Spain will not use Brexit to retake Gibraltar – Spanish foreign minister
Speaking to Spanish conservative news outlet ABC, Alfonso Dastis said Madrid would not attempt to “jeopardize” a deal between the UK and EU to alter Gibraltar’s current status.
Madrid has long wanted to retake Gibraltar, a tiny mountainous peninsula on the tip of south-east Spain, ever since it was seized by the British at the beginning of the 1700s under the Treaty of Utrecht.
Questions over the post-Brexit future of Gibraltar have arisen since the EU inserted a clause in its Brexit negotiation position allowing Spain to veto any Brexit deal involving Gibraltar, potentially putting Britain’s sovereignty over ‘the Rock’ at stake.
Moreover, while Gibraltarians have overwhelming voted to remain under the Union Jack, a majority also called for the UK to stay in the EU.
Dastis said although he would carry on pushing for a joint sovereignty over the Rock, there would be no attempts to recover it entirely.
“We will try to convince the Gibraltarians that this is a route worth exploring and that it would benefit them too.
“I won’t make an agreement between the EU and the United Kingdom conditional on recovering sovereignty over Gibraltar,” he said.
“But what I don’t want to do is jeopardize an EU-UK agreement by subjecting it to a need to alter Gibraltar’s status at the same time.”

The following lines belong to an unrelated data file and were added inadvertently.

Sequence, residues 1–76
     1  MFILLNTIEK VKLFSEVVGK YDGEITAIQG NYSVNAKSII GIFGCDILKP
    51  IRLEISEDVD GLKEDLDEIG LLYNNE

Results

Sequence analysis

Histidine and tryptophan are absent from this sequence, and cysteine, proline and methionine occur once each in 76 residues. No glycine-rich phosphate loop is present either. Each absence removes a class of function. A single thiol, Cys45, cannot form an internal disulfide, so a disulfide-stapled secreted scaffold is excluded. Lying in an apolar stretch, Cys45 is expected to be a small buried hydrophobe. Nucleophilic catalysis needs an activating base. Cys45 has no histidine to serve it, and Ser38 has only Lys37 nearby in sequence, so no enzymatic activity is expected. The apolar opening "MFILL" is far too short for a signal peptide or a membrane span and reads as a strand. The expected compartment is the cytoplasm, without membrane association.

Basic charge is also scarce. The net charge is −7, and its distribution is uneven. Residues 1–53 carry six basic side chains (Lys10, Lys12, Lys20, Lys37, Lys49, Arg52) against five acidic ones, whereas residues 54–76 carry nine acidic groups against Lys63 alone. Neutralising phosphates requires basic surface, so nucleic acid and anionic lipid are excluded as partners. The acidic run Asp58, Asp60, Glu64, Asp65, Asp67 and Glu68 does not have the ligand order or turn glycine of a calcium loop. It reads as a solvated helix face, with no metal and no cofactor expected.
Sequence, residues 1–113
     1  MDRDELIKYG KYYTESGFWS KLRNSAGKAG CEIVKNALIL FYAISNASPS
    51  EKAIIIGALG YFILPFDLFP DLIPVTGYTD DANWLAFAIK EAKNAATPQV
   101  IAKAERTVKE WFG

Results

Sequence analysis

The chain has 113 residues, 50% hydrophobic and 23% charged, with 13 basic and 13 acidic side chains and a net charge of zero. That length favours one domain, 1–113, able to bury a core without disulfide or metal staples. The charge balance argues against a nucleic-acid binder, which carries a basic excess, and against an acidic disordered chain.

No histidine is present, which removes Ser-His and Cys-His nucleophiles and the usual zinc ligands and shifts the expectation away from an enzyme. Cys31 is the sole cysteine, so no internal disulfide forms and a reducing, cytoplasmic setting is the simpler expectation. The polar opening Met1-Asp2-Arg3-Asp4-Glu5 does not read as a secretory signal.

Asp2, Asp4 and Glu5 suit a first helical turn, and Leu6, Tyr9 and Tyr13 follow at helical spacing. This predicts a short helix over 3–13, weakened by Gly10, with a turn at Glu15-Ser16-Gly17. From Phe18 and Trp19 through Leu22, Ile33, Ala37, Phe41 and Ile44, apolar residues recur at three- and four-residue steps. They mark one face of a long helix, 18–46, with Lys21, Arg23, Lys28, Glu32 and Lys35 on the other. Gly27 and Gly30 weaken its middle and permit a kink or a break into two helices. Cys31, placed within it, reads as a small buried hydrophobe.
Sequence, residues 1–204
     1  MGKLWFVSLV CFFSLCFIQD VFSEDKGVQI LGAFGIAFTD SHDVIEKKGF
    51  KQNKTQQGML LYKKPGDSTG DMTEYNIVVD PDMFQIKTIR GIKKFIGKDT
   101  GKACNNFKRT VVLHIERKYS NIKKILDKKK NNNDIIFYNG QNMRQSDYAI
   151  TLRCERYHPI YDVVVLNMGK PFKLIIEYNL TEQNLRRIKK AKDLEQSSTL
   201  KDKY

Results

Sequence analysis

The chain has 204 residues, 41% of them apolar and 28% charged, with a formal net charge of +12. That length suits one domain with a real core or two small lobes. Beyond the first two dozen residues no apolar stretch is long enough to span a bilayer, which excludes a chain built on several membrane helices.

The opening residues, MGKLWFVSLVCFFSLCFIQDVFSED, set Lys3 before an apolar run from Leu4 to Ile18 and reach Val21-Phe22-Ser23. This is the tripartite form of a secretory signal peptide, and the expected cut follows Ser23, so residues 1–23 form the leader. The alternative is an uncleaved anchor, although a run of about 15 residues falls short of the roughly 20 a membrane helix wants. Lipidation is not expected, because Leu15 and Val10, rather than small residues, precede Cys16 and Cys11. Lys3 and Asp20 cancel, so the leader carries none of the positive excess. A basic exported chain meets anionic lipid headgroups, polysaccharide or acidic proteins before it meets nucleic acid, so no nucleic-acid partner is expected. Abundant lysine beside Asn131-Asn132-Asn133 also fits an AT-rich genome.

But Dastis added that he would also block any attempt to further reduce Spain’s influence over the peninsula.
“We won’t accept any decision that undermines our claim or acknowledges the UK’s jurisdiction over any part of the territory that was not ceded under the Treaty of Utrecht,” he said.
Ever since the UK voted in 2016 to leave the EU, Spain has said it will seek to change relations with Gibraltar, given the importance of its trade with the local economy.
The future of Gibraltar post-Brexit sparked a nasty exchange of remarks between the UK and Spain.
UK Prime Minister Theresa May was called on by former Tory leader Lord Michael Howard to imitate the approach of her predecessor Margaret Thatcher during the Falklands War.
“Thirty-five years ago this week, another woman prime minister sent a task force halfway across the world to defend the freedom of another small group of British people against another Spanish-speaking country, and I’m absolutely certain that our current prime minister will show the same resolve in standing by the people of Gibraltar,” Lord Howard told Sky News at the time.
Spanish Foreign Minister Alfonso Dastis responded by mocking the UK’s jingoism, telling a conference in Madrid: “Comparing Gibraltar with the Falklands is taking things out of context.
“It looks like someone in the UK is losing their composure.”